Years ago we had a Chevy Monza Spyder with the 305 V8. Never did change the sparkplugs on the drivers side, but that's a different story...
Had the High Enewrgy Ignition with the coil as part of the cap. I was in college at the time. married with 2 toddlers so money was very tight. My wife had driven into town and the car just quit. I was able to get a friend to drive me to the car between classes and I figured out te spark was jumping through the rotor to the distributor shaft. So I looked in the car and found a candy wrapper and put it under the cap and fastened it back down. Drove the car for several days until I could connect with one of the instructors from the Automotive Department and got the advice to change the sparkplug cables. Seems that the in center of the cap was an area of low desity because of the design of the mold they were made in. A thin candy wrapper had better dielectric properties that the much thicker plastic in the rotor.
One area where GM did a good job was in the ignition points with the hex socket adjusmant screw. Should have hired more engineers like that one.
My experience with distributor caps has always been that at engine shutoff they are a bit too hot to hange on to for very long, although they cool fairly rapidly. On my Chrysler products with the slant six they seldom had problems, and somight be replaced once at 60,000 miles on general principles. On my Horizons and Neon they did not ever seem to develop problems. Of course, all of those caps were as close to symetrical as possible.
Plug wires were a different sory, as they usually had to be replaced a bit more frequently, I never did figure out why some failed and some didn't. I did come up with a cheaptrick for checking plugs, which is to use a DVM multimeter to measure resistance between plug top and engine block. Anything less than open circuit meant time to either clean or replace that plug.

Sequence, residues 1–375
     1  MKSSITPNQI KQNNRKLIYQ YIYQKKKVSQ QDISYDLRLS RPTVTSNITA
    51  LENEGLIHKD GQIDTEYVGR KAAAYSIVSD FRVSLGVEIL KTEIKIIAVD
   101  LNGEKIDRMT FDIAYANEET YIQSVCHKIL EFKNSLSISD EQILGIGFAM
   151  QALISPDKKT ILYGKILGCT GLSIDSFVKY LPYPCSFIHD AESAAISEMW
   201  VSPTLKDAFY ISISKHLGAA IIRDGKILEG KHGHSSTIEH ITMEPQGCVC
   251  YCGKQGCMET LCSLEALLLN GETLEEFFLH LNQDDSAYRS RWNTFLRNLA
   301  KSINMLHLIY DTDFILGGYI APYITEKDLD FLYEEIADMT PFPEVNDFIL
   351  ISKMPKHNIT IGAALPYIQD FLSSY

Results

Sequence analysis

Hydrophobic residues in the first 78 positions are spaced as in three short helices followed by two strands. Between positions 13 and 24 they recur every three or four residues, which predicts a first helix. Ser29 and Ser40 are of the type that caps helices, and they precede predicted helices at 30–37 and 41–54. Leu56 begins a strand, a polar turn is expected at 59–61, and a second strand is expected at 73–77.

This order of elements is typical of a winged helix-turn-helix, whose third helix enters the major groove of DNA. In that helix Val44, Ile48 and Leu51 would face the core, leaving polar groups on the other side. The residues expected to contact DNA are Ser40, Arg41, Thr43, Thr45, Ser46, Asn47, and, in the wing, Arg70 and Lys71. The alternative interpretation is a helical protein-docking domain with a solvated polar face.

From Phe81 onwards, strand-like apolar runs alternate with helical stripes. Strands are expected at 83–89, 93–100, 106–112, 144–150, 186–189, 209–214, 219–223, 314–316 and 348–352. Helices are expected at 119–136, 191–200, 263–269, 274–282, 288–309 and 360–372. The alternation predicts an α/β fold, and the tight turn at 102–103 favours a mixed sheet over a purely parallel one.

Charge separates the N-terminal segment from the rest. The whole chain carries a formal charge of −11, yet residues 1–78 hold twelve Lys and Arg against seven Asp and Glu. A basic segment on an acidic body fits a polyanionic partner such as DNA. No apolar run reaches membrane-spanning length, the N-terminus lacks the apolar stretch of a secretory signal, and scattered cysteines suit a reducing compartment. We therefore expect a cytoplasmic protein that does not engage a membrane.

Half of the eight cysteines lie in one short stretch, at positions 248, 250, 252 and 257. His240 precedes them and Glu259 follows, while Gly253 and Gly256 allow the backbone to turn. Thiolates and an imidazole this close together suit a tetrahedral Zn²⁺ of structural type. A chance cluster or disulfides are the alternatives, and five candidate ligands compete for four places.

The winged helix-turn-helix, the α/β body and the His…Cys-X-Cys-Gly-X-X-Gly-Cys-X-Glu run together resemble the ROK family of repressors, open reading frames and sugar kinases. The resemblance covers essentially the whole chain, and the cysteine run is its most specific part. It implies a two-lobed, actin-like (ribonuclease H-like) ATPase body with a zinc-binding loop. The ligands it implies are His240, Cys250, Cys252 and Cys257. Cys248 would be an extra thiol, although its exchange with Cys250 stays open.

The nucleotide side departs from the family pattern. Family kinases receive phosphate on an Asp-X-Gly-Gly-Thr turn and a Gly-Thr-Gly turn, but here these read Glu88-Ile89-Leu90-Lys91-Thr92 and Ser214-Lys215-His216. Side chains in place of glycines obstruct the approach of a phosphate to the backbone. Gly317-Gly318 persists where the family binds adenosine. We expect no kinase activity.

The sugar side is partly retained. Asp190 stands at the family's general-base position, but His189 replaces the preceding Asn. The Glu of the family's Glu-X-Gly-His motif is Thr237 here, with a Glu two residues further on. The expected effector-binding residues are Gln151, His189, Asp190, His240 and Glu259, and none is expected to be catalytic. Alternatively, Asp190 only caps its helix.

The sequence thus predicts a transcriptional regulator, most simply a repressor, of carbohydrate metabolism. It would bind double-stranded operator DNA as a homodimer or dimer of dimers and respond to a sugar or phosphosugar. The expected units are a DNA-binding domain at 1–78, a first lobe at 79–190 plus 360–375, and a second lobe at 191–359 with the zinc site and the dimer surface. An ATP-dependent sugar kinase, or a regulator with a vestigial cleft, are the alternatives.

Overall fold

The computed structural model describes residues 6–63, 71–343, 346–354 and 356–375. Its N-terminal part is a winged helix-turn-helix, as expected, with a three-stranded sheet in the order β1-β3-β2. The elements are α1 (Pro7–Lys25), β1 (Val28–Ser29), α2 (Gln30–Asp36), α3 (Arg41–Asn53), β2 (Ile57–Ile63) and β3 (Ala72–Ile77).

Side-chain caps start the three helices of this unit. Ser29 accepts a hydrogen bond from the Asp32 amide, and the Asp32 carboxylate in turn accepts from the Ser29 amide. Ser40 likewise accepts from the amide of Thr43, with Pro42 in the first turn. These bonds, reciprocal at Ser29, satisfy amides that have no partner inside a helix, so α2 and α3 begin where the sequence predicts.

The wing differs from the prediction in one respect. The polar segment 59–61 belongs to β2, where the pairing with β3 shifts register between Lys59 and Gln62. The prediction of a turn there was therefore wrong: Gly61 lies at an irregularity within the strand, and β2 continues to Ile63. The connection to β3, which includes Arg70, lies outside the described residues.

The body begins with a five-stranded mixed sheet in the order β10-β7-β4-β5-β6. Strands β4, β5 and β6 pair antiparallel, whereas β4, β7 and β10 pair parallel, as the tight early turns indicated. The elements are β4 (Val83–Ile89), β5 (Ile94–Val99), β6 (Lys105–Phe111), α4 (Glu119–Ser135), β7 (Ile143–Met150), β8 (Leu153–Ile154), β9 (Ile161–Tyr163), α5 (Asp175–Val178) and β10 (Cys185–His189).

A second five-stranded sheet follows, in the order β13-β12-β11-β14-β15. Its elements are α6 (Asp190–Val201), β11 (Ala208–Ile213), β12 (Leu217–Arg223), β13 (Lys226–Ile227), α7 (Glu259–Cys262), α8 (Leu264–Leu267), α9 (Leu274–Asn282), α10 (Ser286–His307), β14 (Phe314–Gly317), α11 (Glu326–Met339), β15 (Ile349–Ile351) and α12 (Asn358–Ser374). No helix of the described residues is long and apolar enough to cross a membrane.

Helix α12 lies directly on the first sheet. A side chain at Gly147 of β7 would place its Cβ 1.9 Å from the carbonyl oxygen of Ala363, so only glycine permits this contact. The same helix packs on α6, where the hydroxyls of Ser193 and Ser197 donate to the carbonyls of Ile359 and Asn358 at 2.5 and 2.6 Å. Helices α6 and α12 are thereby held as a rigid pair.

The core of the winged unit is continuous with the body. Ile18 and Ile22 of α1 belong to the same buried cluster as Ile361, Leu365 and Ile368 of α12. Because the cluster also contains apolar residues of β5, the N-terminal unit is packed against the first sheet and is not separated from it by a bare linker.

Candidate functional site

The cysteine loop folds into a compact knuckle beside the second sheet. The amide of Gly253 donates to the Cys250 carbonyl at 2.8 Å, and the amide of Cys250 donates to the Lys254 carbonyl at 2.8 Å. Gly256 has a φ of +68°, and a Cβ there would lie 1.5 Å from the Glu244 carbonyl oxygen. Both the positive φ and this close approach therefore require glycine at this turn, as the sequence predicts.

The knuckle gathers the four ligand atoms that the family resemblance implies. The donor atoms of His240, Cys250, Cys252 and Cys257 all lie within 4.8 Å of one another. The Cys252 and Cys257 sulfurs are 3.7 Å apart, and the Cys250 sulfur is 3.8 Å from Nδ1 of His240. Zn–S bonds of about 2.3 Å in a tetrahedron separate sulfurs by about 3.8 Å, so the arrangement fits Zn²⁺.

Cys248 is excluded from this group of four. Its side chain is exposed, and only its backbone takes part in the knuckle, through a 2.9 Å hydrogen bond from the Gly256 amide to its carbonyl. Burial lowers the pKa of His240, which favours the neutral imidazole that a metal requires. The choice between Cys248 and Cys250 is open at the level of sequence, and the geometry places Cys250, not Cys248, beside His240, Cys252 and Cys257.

I was a VW freak back in the 70s. The list of awesome bugs and buses I owed is now flashing before my eyes. A 65' beetle, and a 60' delivery bus that had spent its first few years as a TV repair shop runner in good old Germany gave me the best street cred that I could afford at the time. I also owned a 60' Karman Ghia, and assorted other beetles.
One thing they all had in common while I owned them was that there were a couple spare distributor caps in the glove box.
Those carbon traces were a constant problem, and since I did a lot of woods cruzin I'm sure it was worse that the average strictly street driver would deal with. Sometimes I could wipe away the dust and the engine would get better for a bit, but usually the traces were forming on hair line cracks in the Bakelite of the cap. I'm guessing running way hot... then trying to float across a huge puddle is not the best way to treat a cheap used car.
Slightly different root cause but very similar in the cap failure issue. I will say that I've not changed a distributor cap in at least 25 years...